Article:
Dewey After the End of Art

Evaluating the “Hegelian Permanent Deposit” in Dewey’s Aesthetics

In: Contemporary Pragmatism
Author: Roberta Dreon1
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  • 1 Department of Philosophy and Cultural Heritage, Ca’ Foscari University, Venice,
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This article explores the significance of Hegel’s aesthetic lectures for Dewey’s approach to the arts. Although over the last two decades some brilliant studies have been published on the “permanent deposit” of Hegel in Dewey’s mature thought, the aesthetic dimension of Dewey’s engagement with Hegel’s heritage has not yet been investigated.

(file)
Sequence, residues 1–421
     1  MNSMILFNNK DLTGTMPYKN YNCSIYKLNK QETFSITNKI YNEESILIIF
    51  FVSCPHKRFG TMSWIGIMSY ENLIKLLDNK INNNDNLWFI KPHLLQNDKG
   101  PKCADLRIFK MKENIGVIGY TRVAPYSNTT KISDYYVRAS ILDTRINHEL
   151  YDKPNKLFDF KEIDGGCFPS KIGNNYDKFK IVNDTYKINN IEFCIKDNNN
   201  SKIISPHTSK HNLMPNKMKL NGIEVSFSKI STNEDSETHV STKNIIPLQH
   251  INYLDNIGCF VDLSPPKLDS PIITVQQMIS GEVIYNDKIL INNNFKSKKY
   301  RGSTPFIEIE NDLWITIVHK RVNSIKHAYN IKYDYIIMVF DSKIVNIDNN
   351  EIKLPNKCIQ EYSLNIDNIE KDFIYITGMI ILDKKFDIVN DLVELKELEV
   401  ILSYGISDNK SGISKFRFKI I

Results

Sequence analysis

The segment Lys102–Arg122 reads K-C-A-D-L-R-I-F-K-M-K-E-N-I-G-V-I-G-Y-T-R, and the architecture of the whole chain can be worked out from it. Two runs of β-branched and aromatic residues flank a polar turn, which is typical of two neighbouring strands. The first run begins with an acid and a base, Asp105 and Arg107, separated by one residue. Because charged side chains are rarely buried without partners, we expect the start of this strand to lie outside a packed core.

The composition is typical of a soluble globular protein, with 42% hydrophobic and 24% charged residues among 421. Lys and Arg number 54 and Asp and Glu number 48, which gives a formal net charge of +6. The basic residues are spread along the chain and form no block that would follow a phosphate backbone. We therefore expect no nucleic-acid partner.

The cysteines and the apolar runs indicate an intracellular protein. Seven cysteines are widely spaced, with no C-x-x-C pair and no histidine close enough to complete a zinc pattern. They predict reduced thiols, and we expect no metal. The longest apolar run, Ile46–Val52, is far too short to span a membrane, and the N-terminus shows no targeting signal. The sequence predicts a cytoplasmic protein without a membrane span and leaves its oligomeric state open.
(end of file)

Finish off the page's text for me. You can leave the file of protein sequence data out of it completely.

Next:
This inquiry will be developed on a theoretical level as well as on the basis of a recent discovery: in Dewey’s Correspondence traces have been found of a lecture on Hegel’s Aesthetics delivered in 1891 within a summer school run by a scholar close to the so-called St. Louis Hegelians. Dewey’s deep and long-standing acquaintance with Hegel’s Aesthetics supports the claim that in his mature book, Art as Experience, he originally appropriated some Hegelian insights. First, Dewey shared Hegel’s strong anti-dualistic and anti-autonomistic conception of the arts, resisting post-Kantian sirens that favored instead an interpretation of art as a separate realm from ordinary reality. Second, they basically converged on an idea of the arts as inherently social activities as well as crucial contributions to the shaping of cultures and civilizations, based on the proximity of the arts to the sensitive nature of man. Third, this article argues that an original re-consideration of Hegel’s thesis of the so-called “end of art” played a crucial role in the formulation of Dewey’s criticism of the arts and of the role of aesthetic experience in contemporary society. The author suggests that we read Dewey’s criticism of the removal of fine art “from the scope of the common or community life” (lw 10, 12) in light of Hegel’s insight that the experience of the arts as something with which believers or citizens can immediately identify belongs to an irretrievable past.

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